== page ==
Home Africa IAAF To Do Away With Races That Africans Dominate

IAAF To Do Away With Races That Africans Dominate

IAAF To Do Away With Races That Africans Dominate
This move is seen by some as a bid to protect white supremacy in sports.

AFRICANGOBE – Kenyan athletics chiefs said on Thursday they would oppose the decision by the sport’s world governing IAAF to cut the 5,000m and 10,000m from the lucrative Diamond League circuit.

Athletics Kenya (AK) president Jackson Tuwei said it was “totally unfair” to drop the two events, in which African athletes have traditionally done very well.

Ethiopia’s long distance great Haile Gebrselassie has said the decision to limit the longest event in the circuit to 3,000m will disproportionately affect Kenya and Ethiopia, two powerhouses of middle and long distance running.

The IAAF said on Monday that the circuit will have a trimmer look and fewer meetings as the one-day competitions aim for a more consistent and fast moving format, though said the longer distances could still take place outside of the designated TV window.

Meetings will be reduced from 14 to 12 competitions, while the number of disciplines will be cut from 32 to 24 with 12 each for men and women.

“I will raise the issue at an African Athletics Confederation (AAC) Congress in Abidjan (Ivory Coast) next month because this is totally unfair to our athletes,” Tuwei told reporters.

Historical Significance

The 10,000m and 5,000m are races traditionally dominated by Africans.

Barnaba Korir, chairman of the AK Nairobi region and a powerful voice in the east Africa nation’s athletics administration, said track and field would lose its historical significance and financial incentives if the longer distances were dropped from the circuit.

“Historically, the longer distances were the pillar of track and field. Marathon was the pride of the Olympics, and 5,000m and 10,000m races were what made track and field interesting,” the former 10,000m and road runner told reporters.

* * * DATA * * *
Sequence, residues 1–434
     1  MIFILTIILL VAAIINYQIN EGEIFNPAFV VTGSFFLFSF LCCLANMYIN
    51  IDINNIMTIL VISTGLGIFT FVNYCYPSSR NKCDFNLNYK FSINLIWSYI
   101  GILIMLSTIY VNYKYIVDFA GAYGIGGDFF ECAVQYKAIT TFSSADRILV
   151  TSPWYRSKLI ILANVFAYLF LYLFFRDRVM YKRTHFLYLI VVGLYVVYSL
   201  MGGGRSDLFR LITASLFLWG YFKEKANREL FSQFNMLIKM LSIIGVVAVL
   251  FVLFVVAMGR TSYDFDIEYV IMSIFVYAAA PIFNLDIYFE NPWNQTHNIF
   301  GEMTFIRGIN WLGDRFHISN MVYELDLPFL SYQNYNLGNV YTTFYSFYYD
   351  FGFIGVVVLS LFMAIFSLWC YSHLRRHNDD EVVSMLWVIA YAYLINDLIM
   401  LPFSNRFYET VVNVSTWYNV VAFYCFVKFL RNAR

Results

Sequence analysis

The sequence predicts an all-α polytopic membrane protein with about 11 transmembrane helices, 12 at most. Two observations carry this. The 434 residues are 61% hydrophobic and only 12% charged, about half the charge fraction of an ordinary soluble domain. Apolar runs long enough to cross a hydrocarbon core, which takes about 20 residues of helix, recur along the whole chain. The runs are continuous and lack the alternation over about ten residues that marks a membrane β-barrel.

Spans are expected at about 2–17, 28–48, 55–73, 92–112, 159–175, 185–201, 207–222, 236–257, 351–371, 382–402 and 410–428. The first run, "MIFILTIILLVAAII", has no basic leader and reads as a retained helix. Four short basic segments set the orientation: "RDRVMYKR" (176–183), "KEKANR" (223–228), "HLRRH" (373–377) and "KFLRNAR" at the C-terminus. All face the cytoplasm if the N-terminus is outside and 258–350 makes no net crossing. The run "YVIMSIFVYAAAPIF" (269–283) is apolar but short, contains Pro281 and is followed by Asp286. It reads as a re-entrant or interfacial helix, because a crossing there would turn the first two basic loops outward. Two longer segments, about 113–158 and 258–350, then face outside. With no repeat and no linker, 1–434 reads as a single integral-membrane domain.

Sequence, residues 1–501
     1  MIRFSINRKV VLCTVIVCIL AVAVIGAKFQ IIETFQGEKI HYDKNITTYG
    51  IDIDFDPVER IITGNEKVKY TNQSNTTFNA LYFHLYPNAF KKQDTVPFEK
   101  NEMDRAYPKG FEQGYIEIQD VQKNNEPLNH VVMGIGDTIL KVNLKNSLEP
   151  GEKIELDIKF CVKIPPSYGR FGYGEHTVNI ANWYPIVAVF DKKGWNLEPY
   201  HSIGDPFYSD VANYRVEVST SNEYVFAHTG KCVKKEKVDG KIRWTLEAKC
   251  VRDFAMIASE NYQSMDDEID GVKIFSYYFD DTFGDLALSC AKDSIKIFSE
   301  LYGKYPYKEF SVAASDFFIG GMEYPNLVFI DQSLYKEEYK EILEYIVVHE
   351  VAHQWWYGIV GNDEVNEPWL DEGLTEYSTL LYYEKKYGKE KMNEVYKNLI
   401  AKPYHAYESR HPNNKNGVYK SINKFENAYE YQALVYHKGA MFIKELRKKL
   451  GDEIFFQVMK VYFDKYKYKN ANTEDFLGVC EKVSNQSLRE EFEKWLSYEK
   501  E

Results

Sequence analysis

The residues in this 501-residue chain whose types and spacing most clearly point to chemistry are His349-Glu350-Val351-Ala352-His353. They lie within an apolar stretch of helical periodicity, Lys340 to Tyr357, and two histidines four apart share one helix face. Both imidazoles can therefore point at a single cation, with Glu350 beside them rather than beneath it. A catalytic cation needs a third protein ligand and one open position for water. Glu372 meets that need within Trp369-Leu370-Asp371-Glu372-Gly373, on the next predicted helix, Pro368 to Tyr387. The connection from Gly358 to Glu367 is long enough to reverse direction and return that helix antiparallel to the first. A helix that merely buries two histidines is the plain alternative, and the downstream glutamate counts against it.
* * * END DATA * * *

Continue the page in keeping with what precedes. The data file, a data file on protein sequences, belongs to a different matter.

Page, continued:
“All the legends of track and field – from Paavo Nurmi, Haile Gebreselassie and Kenenisa Bekele, Mo Farah and Paula Radcliffe, Kip Keino, Henry Rono and Paul Tergat, Said Aouita and Hicham El Guerrouj – were 5,000m and 10,000m athletes,” he said.

“Besides, our athletes would lose significant income from the circuit if the two races are dropped. This would have a trickling effect and demoralise young athletes who admire their successful compatriots in their flashy cars and high-end property, thanks to prize money from winning longdistance races,” he said.

“They can limit the races that are broadcast live and still have the 5,000m and 10,000m on the programme,” he said.

‘Silent Killing’

The Ethiopia Athletics federation (EAF) described the IAAF decision as “very illegitimate”.

“We Africans should shout loud to the IAAF to stop the silent killing of our long distance running,” Sileshi Bisrat of the EAF communications department said in a statement.

“The way forward showed that the IAAF is going to remove these two events from the World Championships.”

The IAAF disputed claims that scrapping the 5,000 from the 90-minute Diamond League television window would unfairly effect African athletes and said part of the reason for choosing the 3,000m as the longest distance was the need to schedule six of each event for each gender as part of the Diamond League series.

“The reduction in the DL international broadcast window from 120 minutes to 90 minutes was in response to extensive consultation with both current and prospective DL broadcasters, the majority of whom requested a faster, sharper and slightly more concentrated product,” IAAF CEO Jon Ridgeon said in a statement.

“In addition to the 90-minute international window, DL meetings will also offer a further 30 minutes-plus of additional coverage to their own domestic broadcaster, which will include extra domestic-themed events.

“This broadcast change, along with other evolutions planned for 2020 onwards, is all part of a DL refresh that all parties involved felt was important after 10 years of existence.”

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